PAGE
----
Green Maritime Methanol Plans Tests with Spark-ignited Engine
The Green Maritime Methanol consortium reviews the possibilities for renewable methanol as a marine fuel. Tests with a spark-ignited engine and research into operational aspects are planned for next year. In addition, 2020 will also see the realisation of methanol-powered ship designs.
Green Maritime Methanol started in January 2019. Commenting on what has been done so far, Jorrit Harmsen of TNO says: ‘As a first step in the project, an overview was made of previous research on application of methanol in maritime shipping, including technical application, supply chain development and a comparison to other possible future fuels. As a second step, an analysis was made on the impact of the introduction of methanol on the operational profiles of ships in different market segments, based on input provided by ship owners in the consortium. Furthermore, an analysis was made on the potential market for methanol from the port point of view.’
Tests with Spark-ignited Engine
Professor Robert van de Ketterij of Netherlands Defence Academy (NLDA) and his team will now begin a series of tests on a spark-ignited engine at the premises of Pon Power in Papendrecht early January 2020. The first compression ignition tests are scheduled early March 2020. After installation of a new internal combustion engine in the laboratory of NLDA in Den Helder, a last series of experiments will be conducted late 2020 until early 2021.
Research into Operational Aspects
At the same time, TNO will be working on the operational aspects of using methanol as a marine fuel, including storage capacity, range, bunker volume, bunker frequency, bunker mode, safety aspects, but also fuel and retrofitting cost.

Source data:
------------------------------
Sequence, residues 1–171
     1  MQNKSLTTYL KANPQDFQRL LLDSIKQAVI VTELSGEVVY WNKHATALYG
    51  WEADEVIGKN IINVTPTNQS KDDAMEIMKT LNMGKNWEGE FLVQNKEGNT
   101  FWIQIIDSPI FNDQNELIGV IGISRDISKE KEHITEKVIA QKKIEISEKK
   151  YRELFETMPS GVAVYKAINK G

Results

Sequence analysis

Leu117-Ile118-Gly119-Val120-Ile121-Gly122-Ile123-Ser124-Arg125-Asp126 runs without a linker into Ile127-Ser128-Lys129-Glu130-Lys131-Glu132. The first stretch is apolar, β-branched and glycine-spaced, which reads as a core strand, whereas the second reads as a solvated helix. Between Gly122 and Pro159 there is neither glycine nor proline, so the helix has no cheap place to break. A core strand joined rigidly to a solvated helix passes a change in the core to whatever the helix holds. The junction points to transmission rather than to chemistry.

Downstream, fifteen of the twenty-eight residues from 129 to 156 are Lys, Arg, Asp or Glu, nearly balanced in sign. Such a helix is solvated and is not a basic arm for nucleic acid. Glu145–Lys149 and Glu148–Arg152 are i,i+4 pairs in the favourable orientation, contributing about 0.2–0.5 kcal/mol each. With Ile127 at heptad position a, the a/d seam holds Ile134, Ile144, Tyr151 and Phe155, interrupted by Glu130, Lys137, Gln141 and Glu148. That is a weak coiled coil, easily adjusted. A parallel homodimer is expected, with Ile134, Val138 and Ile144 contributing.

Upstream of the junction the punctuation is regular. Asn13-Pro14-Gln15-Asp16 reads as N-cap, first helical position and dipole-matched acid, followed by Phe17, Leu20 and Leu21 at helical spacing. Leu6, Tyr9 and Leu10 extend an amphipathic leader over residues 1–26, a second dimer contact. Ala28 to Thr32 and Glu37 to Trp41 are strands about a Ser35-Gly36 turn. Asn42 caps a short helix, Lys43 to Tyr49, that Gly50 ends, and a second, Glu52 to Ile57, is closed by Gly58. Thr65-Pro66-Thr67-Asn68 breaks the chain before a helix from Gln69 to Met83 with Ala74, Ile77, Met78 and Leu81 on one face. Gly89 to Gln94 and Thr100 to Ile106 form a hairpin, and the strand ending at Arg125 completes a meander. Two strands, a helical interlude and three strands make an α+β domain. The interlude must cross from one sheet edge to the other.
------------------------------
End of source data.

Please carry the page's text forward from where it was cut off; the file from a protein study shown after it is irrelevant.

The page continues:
‘These will be aligned with analysis of shipping segments and routes to identify promising market segments,’ says Erwin Zomer of TNO. ‘Second, we dive deeper into bunkering strategies, concepts and procedures. Finally, we analyse the methanol supply chain, including an upstream analysis of the different feedstocks: fossil, biomass and power-to-fuel. We also assess production and storage capacity in relation to demand for maritime fuel use.’
Methanol-powered Ship Designs
As from 2020, the information of the research conducted will be included in various methanol-powered ship designs and their technical, economic and logistical feasibility will be evaluated. So far, nine vessels have been selected. These include new designs, newbuilds and existing ships of Boskalis, Van Oord, the Royal Netherlands Navy (RNLN) and Wagenborg Shipping.
The Green Maritime Methanol consortium is continually expanding. Latest additions to the consortium are ship owner Arklow Shipping and Belgian dredging and offshore wind contractor DEME. Other members include research institutes TNO, TU Delft, NLDA and Marin, other ship owners such as Boskalis, the Royal Netherlands Navy, Van Oord and Wagenborg Shipping and shipbuilders Damen Shipyards, Feadship and Royal IHC.
The Green Maritime Methanol project is supported by TKI Maritime and the Netherlands Ministry of Economic Affairs